but as long as everyone is aware that the e-stop button is not the same as an off switch, theres nothing wrong with it. it will work. its just my nature to assume people are going to be stupid and plan accordingly.

Quote:
I know I tend to inadvertently hit the e-stop button on the machine at work,
kind of case and point (but machines at your work are probably protected by a contactor instead of GFCI, so thats not a big deal.)
__________________
audger is offline
 
Reply With Quote Quick reply to this message
Old 06-26-2012, 09:56 PM   #8
P-J
HBT_LIFETIMESUPPORTER.png
Feedback Score: 0 reviews
Recipes 
 
Join Date: Mar 2010
Location: Charlotte, NC
Posts: 3,231
Liked 244 Times on 196 Posts
Likes Given: 430

Default

Quote:
Originally Posted by audger View Post
the reason i dont like this design is because
...
Everyone is entitled to their opinion.

BTW - Do you ever press the test button on the GFCI outlet in you bathroom or kitchen?

Just saying.
__________________
P-J is offline
 
Reply With Quote Quick reply to this message
Old 06-26-2012, 10:53 PM   #9
mateomtb
Feedback Score: 1 reviews
Recipes 
 
Join Date: Jan 2011
Location: Pine, Co
Posts: 122
Liked 7 Times on 7 Posts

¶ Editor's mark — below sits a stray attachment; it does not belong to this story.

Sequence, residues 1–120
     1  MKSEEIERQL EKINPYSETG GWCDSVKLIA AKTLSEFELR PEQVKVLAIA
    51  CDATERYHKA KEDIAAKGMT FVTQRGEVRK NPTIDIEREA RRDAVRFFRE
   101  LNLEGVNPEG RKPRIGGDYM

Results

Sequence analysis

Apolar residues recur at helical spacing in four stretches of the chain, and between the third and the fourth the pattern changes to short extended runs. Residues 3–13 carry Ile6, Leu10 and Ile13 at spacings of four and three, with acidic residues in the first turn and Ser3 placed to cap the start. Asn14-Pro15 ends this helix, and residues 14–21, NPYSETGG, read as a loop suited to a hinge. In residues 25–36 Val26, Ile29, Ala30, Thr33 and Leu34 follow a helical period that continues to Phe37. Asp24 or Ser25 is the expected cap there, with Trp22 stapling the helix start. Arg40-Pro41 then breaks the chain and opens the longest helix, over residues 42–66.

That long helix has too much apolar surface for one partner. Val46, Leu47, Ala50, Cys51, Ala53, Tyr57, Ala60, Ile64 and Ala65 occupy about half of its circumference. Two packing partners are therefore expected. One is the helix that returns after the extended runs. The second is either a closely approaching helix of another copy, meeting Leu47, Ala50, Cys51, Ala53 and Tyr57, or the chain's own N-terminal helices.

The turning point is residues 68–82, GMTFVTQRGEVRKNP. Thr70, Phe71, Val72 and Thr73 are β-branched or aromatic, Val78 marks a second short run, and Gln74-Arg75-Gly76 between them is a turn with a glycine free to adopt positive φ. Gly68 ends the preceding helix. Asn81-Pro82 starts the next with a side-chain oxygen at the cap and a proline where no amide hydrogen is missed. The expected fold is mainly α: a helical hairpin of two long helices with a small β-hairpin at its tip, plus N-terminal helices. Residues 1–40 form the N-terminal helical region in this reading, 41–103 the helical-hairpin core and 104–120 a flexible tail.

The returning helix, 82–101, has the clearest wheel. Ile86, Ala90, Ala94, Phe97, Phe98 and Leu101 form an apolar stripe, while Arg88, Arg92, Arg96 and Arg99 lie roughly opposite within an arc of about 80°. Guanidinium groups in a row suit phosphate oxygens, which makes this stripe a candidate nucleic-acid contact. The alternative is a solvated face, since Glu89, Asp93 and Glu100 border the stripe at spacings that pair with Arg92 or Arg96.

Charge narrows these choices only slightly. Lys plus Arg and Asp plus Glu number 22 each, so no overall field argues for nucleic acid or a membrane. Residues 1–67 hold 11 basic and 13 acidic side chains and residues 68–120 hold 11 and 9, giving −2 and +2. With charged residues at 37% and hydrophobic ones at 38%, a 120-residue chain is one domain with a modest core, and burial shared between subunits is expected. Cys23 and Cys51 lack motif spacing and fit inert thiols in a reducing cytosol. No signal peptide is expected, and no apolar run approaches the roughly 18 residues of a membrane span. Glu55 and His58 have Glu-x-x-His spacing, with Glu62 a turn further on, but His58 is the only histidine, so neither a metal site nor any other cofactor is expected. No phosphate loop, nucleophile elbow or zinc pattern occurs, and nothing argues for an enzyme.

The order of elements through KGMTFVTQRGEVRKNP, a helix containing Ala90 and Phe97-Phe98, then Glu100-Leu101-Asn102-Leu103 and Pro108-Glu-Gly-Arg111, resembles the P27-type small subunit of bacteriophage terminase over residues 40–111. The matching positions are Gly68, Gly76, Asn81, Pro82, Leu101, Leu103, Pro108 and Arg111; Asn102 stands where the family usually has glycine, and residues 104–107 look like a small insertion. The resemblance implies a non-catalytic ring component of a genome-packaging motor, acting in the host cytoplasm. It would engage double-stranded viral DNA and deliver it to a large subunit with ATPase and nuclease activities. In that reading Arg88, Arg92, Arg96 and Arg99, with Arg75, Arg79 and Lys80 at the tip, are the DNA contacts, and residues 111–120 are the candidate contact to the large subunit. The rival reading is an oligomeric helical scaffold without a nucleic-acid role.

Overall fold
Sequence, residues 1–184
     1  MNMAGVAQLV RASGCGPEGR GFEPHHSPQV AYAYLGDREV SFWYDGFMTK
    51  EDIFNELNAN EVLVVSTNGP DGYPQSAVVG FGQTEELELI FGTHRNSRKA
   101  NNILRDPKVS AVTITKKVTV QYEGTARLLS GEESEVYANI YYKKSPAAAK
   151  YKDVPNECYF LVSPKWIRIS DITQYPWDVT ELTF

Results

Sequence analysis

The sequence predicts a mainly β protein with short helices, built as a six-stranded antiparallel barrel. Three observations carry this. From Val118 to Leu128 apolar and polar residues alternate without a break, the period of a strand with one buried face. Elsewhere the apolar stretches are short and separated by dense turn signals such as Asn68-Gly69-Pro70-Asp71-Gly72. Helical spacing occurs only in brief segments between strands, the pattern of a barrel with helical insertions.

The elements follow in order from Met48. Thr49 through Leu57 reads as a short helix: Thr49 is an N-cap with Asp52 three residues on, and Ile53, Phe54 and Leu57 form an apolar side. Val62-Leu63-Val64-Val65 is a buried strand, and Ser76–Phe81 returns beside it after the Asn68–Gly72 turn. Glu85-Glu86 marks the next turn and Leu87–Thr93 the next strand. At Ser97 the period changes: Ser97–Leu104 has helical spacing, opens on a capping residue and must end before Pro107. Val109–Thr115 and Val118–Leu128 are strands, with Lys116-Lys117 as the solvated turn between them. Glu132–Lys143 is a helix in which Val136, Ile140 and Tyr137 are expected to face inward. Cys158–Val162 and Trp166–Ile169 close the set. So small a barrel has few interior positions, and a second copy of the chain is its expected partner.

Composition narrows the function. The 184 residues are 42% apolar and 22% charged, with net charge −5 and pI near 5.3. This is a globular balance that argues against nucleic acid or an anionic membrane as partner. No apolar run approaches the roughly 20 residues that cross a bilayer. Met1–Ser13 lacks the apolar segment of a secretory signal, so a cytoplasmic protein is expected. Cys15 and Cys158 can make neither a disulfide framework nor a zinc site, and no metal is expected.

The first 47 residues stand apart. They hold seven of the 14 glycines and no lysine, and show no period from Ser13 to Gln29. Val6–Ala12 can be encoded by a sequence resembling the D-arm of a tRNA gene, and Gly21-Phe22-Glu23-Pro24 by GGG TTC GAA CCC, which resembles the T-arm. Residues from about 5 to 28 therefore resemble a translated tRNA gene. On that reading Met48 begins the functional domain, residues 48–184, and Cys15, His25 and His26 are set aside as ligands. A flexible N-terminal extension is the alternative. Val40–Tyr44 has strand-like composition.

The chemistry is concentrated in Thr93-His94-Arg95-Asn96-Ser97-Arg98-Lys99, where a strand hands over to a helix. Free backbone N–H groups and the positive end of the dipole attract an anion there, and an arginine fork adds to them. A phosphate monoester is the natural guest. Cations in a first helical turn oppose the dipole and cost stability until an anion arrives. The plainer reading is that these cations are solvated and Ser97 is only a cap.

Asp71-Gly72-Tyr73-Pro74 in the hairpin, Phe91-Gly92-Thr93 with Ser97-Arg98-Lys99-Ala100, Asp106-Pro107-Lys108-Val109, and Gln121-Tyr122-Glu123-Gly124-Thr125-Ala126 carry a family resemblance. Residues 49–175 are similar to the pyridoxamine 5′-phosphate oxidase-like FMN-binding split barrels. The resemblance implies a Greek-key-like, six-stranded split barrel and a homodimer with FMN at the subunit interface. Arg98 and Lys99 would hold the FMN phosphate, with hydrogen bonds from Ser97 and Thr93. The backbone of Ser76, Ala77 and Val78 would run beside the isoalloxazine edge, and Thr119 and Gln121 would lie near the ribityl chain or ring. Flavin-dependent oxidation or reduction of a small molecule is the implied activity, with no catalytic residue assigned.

Likes Given: 7

Default

Quote:
they quickly wear out, and not only are they expensive, but that could also mean they fail to work when you need them the most.
I've done some casual internet research about this and can't really find anything about them necessarily "wearing out" from being tripped. Do you have any info regarding the duty cycle of pushing the reset button on a gfci breaker? I do see lots of information about testing them and that they are not functioning (this seems to be a common thing in high lightning strike areas), which means they still are outputting power without gfci protection which is obviously not good, but.......

It also seems that the more recent generation of gfci breakers are designed to actually fail open. So if they are not capable of protecting with gfci, the breaker won't even stay on. So it seems like a broken gfci would never even have the opportunity to fall into the "fail to work when you need them the most" category.

I don't know. Does anyone know if the recent typical Spa panel gfci breakers are the kind that fail open?
__________________
mateomtb is offline
 
Reply With Quote Quick reply to this message
Old 07-03-2012, 08:31 AM   #10
NewBrewB
HBT_LIFETIMESUPPORTER.png
Feedback Score: 0 reviews
 
NewBrewB's Avatar
Recipes 
 
Join Date: Dec 2009
Location: N. Kingstown, Rhode Island
Posts: 741
Liked 19 Times on 17 Posts
Likes Given: 10

Default

If I underatood this last post, I am very interested in the answer.

__________________
From what I hear, my wet bar thread "delivers" hah
NewBrewB is offline
 
Reply With Quote Quick reply to this message
Reply


Quick Reply
Message:
Options
Thread Tools


Similar Threads
Thread Thread Starter Forum Replies Last Post
New Control Panel Spring_Chicken Electric Brewing 5 06-05-2012 07:34 PM
Using A Retired Service Panel For A Control Panel kgalle Electric Brewing 2 04-25-2012 11:52 AM
Control Panel Help friedpicklechips Electric Brewing 15 02-25-2012 02:33 PM
Mounting spa panel guts in control panel kevink Electric Brewing 7 08-20-2011 02:31 AM
Control panel wiring questions jbug440 Electric Brewing 2 04-15-2011 11:45 AM